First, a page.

In today’s more sophisticated and educated beer culture, it certainly feels like this may be the best time for American beer that has ever existed. If you know where to look you can find more styles of beer than anywhere else in the world. For many people, craft beer is responsible for raising the status of American beer to heights thought impossible thirty years ago.
The goal of making beer synonymous with home life was chosen precisely to combat the incessant attacks by prohibitionist groups.
Over sixty years ago, a trade group of breweries—The United States Brewers Foundation (USBF)—launched an advertising campaign with the aim of changing the public’s perception of beer. The USBF wanted beer to be seen in a more positive light, as an integral part of the American way of life and, as their now famous tagline states, as “America’s beverage of moderation.”
From 1945 to 1956, the USBF produced at least 136 ads using the same thematic elements, with 120 of them numbered as part of the “Home Life in America” series. Well-known artists and illustrators of the day were commissioned to paint idyllic works showing an idealized post-war America enjoying their new prosperity in a variety of settings, but with beer, naturally, at the center of it all. The scenes are reminiscent of something Norman Rockwell would have painted, with everyone well dressed and prosperous; smiling families and friends enjoying themselves in a variety of common settings, climates and seasons throughout a typical year. The ads are strikingly beautiful, and are some of the best examples of commercial illustration from the time period.
What led the brewers of the post-World War II era to promote beer in this way, and as a cohesive group, is a fascinating story that stretches back to the century before, when another war gripped our nation, the Civil War or War Between the States, depending on your orientation.
Is Beer Bad?
Beer, of course, is not universally beloved and there are factions of society who believe alcohol is intrinsically bad. Some think alcohol should be taxed more highly than it already is and others would simply prefer another Prohibition. Since civilization began—arguably due to the discovery of fermentation—there have likely always been teetotalers. But it wasn’t until the nineteenth century that an organized temperance movement began and sought to remove alcohol from all of society.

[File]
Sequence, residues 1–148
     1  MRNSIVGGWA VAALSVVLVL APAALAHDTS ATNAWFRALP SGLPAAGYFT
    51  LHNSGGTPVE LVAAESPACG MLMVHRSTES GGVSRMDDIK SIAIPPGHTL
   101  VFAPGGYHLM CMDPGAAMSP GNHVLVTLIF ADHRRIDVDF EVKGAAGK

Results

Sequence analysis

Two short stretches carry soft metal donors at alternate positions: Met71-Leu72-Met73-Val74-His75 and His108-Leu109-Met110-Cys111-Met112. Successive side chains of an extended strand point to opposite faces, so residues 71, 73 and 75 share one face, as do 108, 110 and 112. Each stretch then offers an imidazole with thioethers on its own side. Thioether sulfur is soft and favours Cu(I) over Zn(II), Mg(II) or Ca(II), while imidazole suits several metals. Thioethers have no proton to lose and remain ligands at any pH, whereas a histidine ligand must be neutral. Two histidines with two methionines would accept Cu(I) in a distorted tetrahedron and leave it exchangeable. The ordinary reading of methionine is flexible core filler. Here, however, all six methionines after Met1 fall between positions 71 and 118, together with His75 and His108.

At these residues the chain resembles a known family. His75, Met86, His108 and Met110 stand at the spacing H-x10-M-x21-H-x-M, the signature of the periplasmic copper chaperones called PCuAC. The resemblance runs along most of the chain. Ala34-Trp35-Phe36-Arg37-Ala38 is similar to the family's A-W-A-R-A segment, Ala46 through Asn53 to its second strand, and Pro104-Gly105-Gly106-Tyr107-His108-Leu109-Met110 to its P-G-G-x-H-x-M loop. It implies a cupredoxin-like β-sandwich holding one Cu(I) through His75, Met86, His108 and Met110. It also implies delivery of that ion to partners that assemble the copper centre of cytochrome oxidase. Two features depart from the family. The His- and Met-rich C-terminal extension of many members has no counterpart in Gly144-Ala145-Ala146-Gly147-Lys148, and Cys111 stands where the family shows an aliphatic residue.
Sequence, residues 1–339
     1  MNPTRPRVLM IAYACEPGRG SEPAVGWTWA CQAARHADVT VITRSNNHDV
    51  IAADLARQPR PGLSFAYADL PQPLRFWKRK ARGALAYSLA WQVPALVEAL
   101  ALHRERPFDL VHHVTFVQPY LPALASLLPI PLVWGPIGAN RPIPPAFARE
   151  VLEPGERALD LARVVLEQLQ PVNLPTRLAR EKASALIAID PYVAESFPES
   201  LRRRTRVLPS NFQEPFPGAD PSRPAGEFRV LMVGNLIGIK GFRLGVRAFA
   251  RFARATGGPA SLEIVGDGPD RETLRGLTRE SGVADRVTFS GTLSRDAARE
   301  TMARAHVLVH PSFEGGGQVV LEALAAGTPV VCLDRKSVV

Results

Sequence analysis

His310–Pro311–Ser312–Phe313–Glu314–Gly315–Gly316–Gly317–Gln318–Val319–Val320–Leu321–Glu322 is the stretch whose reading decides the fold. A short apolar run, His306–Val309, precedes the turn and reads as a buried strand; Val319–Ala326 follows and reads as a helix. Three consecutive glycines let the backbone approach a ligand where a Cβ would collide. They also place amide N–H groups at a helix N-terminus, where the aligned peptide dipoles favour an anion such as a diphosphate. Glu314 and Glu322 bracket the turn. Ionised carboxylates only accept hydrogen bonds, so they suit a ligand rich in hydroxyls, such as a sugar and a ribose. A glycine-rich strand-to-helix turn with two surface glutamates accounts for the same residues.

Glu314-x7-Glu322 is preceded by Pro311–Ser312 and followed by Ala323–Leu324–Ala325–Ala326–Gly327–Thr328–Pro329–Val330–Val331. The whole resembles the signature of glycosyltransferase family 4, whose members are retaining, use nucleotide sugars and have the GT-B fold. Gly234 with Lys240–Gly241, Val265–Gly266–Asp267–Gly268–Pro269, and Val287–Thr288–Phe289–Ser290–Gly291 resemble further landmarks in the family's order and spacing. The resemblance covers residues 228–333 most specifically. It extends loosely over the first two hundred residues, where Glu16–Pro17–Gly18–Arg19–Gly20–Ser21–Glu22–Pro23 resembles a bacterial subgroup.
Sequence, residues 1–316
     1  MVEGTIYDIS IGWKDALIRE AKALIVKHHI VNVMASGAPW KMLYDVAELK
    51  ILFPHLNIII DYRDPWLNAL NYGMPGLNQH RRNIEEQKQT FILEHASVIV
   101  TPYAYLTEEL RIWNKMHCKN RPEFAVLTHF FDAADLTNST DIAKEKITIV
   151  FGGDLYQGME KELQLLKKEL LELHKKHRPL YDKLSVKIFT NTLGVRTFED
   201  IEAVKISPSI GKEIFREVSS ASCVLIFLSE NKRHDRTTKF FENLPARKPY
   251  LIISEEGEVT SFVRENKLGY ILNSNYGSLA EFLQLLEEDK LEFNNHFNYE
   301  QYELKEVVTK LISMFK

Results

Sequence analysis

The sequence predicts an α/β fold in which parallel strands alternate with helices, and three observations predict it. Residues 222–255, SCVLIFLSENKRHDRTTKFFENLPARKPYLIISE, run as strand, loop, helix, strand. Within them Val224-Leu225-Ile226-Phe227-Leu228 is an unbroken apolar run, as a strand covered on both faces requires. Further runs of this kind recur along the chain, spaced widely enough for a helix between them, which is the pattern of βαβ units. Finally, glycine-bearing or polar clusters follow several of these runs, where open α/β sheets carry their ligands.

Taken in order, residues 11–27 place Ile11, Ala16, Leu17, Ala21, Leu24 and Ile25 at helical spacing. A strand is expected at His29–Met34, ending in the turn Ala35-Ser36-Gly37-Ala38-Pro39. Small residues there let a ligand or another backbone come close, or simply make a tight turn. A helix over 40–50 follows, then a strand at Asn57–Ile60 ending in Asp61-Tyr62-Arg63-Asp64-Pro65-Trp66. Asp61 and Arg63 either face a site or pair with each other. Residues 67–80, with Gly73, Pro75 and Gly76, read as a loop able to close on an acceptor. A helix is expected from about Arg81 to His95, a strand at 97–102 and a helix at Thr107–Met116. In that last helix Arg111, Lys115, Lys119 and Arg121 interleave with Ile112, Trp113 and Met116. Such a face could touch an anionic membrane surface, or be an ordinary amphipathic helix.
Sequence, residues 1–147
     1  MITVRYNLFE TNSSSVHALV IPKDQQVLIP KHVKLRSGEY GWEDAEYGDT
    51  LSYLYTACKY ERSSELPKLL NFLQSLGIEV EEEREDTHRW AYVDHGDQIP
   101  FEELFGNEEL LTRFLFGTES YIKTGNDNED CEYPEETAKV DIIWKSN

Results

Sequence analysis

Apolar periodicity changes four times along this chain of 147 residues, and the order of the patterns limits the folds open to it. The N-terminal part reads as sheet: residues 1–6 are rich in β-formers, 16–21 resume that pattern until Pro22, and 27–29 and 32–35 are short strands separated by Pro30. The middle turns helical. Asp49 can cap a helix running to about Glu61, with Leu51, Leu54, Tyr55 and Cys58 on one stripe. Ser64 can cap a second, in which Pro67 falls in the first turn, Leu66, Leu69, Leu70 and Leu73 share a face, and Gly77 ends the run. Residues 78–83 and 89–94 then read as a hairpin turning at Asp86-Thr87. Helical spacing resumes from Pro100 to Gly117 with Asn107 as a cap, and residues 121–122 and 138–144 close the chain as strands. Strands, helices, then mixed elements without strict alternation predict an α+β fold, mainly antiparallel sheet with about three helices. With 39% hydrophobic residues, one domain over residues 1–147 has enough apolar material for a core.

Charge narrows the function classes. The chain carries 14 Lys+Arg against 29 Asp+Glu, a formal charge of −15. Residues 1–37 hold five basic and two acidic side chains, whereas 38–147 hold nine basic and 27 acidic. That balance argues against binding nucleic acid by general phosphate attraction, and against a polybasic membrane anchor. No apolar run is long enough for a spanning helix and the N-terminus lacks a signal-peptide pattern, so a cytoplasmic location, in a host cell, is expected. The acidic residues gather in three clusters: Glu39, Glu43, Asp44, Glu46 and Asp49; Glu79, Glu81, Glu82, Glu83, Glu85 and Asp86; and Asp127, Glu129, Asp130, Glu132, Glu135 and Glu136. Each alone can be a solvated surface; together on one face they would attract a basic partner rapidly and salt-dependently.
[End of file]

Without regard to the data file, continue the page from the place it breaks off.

When these temperance movements began in the early 1800s, their initial target was primarily liquor—that is, distilled spirits or hard alcohol. At that time, whisky, rum and the like far outsold beer and liquor was considered the main cause of the societal problems the prohibitionists blamed on alcohol. When the Civil War began, Congress levied an excise tax on beer to raise money for the war effort and those taxes continued to be a major source of federal revenue even after the war ended.
By the late nineteenth century, beer had overtaken spirits in popularity and temperance organizations targeted beer as forcefully as liquor. But brewers at the time refused to take the threat seriously. That was because they believed their willingness and cooperation in being taxed meant that politicians would not give in to the demands of the prohibitionists. They thought that the government would never shut down the gravy train—which had become a sizeable percentage of the federal budget—that beer taxes brought into the federal coffers.
But as Chicago beer historian Bob Skilnik points out. “The thing that gave Congress the balls to enact Prohibition was helped immensely by the ratification of the Personal Income Tax Amendment [the 16th] in 1913. Without it, we would have never seen National Prohibition.” When they finally realized that Prohibition really could be enacted, the industry tried to launch a campaign portraying beer as a healthy beverage of moderation, but it was too little, too late. The brewers were also so busy squabbling with one another at that time that cooperation was almost non-existent and their response ended up being fairly meager and ineffective.
Finding a Voice
After the repeal of Prohibition, the infighting picked up where it left off, just as if it had never stopped. One reason for this was the same people were running the U.S. Brewers Association after repeal as at the start of Prohibition. The 13 intervening years had done little to heal their competitive spirit. But by the advent of World War II, the old guard was gone, replaced by younger, more forward-thinking men and the east coast/rest of the country division that had been a major obstacle to cooperation had also been resolved so that the industry could finally speak with one voice.
When the government sought to boost morale both at home and abroad, they looked to companies making “American” products to provide support. Brewing companies went out of their way to cooperate in order to re-ingratiate themselves with both the government and their customers. They devised an advertising campaign called “Morale is a lot of little things—Write that V-Mail Letter Today,” encouraging Americans to write to the millions of U.S. soldiers stationed abroad in the war. The U.S. Army, Navy and Marines all gave the brewing industry a commendation for that program. Other morale-building ad copy was used. A typical example: “Morale is a lot of little things. A cool, refreshing glass of beer—a moment of relaxation—in trying times like these—they, too, help to keep morale up.”